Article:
About a month BEFORE having my first baby (this was at my baby shower, in case you were wondering...) I remember someone very kindly telling me not to worry if it took me a long time to lose all of the weight I was gaining. That person continued to explain that it had taken her almost nine months to get it off, and I shouldn't be concerned if it took me a really long time too. Okay. Don't ever do that to someone, please? At this point I was very full-faced and very pregnant with a very stubbornly breech baby. I was worried about the birth and breastfeeding and the health and my sweet little girl--basically all of the things you would expect a new mom to be concerned about. Other than the normal feelings of largeness, I was not uncomfortable with my weight-gain; I was just keeping my focus on the important moments ahead of me. Reminding someone of how much weight they are gaining during a pregnancy is really not necessary no matter what your intentions are.
After a (long-fought-against-but-ultimately-wonderful) c-section birth and an up-and-down recovery, the "lose the weight" comments kept echoing in my brain and I responded like any self-respecting, stubborn red-head would. I kept digging my heels in.
"My body has changed. I just need to be comfortable with my body as it is now."
There is definitely a place for this type of thinking--especially when you are in survival-mode in the early days. You need to spend some quiet moments reflecting on the violent miracle that your bones, muscles, brain, and heart just experienced. It is, however, an easy place to get stuck. Your body has almost certainly changed permanently in some ways--bigger feet, wider hips, stretch marks. I had all of those. I got caught up in the constant "momming," and I neglected my own health and fitness using excuse after excuse.
After my son arrived two years later and I had gotten through the food-addict's nightmare of gestational diabetes, I knew there were aspects of my body I needed to reclaim. I needed to reclaim them not from the changes brought about by growing and birthing two babies, but from the sedentary complacency that had crept into my life in those early desperate days with my daughter. I needed to ask more of my heart by asking more of my body and seeing where it would take me. I have already written about Fit4Mom's Stroller Strides classes and the impact they have had on my life. Body Back is another program from the same amazing company Fit4Mom. I am glad every. single. day. that I tried out that first free Body Back class because it showed me what my heart and body are capable of when I work hard. It is a class without your stroller and without your kiddos, so you lose the excuse of a crying child needing a snack to take a break. It is just you competing against yourself and shattering the limitations you thought you had.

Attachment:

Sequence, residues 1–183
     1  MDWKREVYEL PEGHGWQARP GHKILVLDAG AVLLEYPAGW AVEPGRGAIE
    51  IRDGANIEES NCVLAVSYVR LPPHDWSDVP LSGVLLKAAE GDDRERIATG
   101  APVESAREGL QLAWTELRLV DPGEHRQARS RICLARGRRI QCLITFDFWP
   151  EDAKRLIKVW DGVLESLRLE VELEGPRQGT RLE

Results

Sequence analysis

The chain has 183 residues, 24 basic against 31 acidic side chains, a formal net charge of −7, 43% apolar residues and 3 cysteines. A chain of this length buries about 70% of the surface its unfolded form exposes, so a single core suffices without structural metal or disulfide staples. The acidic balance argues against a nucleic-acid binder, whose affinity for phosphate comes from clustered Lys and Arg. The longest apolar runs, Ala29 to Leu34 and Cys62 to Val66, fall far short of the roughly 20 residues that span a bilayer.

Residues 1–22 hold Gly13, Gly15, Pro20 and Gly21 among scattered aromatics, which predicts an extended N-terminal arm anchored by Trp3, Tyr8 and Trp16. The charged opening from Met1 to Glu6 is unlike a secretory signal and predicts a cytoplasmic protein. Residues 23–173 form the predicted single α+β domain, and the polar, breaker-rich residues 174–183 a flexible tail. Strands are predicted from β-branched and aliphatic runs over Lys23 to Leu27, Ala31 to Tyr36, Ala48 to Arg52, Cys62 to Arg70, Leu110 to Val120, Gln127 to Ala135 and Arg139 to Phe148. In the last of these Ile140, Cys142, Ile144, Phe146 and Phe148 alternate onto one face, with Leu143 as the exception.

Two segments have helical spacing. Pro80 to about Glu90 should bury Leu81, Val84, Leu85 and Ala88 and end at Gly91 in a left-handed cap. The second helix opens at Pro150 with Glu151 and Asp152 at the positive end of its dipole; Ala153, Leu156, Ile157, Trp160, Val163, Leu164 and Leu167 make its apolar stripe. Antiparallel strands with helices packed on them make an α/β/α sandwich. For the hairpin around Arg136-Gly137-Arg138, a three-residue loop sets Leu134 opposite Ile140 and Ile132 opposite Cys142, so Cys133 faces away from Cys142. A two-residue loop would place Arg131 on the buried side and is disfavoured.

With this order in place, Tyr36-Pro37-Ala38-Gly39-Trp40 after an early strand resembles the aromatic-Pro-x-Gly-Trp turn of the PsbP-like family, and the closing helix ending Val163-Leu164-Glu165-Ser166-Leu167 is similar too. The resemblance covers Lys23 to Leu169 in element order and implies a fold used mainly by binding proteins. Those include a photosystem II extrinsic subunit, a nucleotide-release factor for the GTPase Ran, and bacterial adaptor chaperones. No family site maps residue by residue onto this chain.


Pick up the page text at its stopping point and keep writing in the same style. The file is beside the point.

Below is an overview of the program and an explanation for why I believe it produces such impressive results.
(Disclaimer: I received a discount on the program in exchange for an honest review)
Overview of the Program:
Eight weeks of fitness classes with two classes a week
Food diary and meal planning ideas
Facebook support group with personal coaching
Assessments and goal tracking
Classes: an extremely challenging mix of cardio, strength-training and core work designed specifically for moms by instructors who are certified in post-partum exercise and experts in helping women exercise safely. They provide modifications for pre-existing conditions and different fitness levels. There are a few different types of classes:
1. "Traveling" classes are outside and involve running from place to place to do different exercise combinations.
2. "Rounds" involve multiple sets where we do a cardio exercise (e.g. burpees) then strength (e.g. lunges with bicep curls) then core work (e.g. Russian twists) each for a minute at a time and then repeat that round once. Then a (very) short water break before a new set of exercises--usually there are about 6-7 "rounds" per class.
3. "Circuit" classes entail moving around to different "stations" and doing a different exercise for one minute at each one. You usually do a circuit of all of the stations at least twice often with a group exercise in between circuits.
All of the classes generally follow the cardio-strength-core pattern, but each class feels fresh and different because they all include different exercises in different patterns done with different modifications and equipment. A lengthy stretching cool-down follows the intense work-out.
My favorite part of a Body Back class occurs of at the very end. We do a relaxation mediation that helps quiet my mind before I go home. My body always feels like jell-o at the end of the classes, so the transition from stretching to relaxation feels amazing. I have never left a Body Back class without feeling energized at the end. And as a recovering exercise-hater, that is really saying something.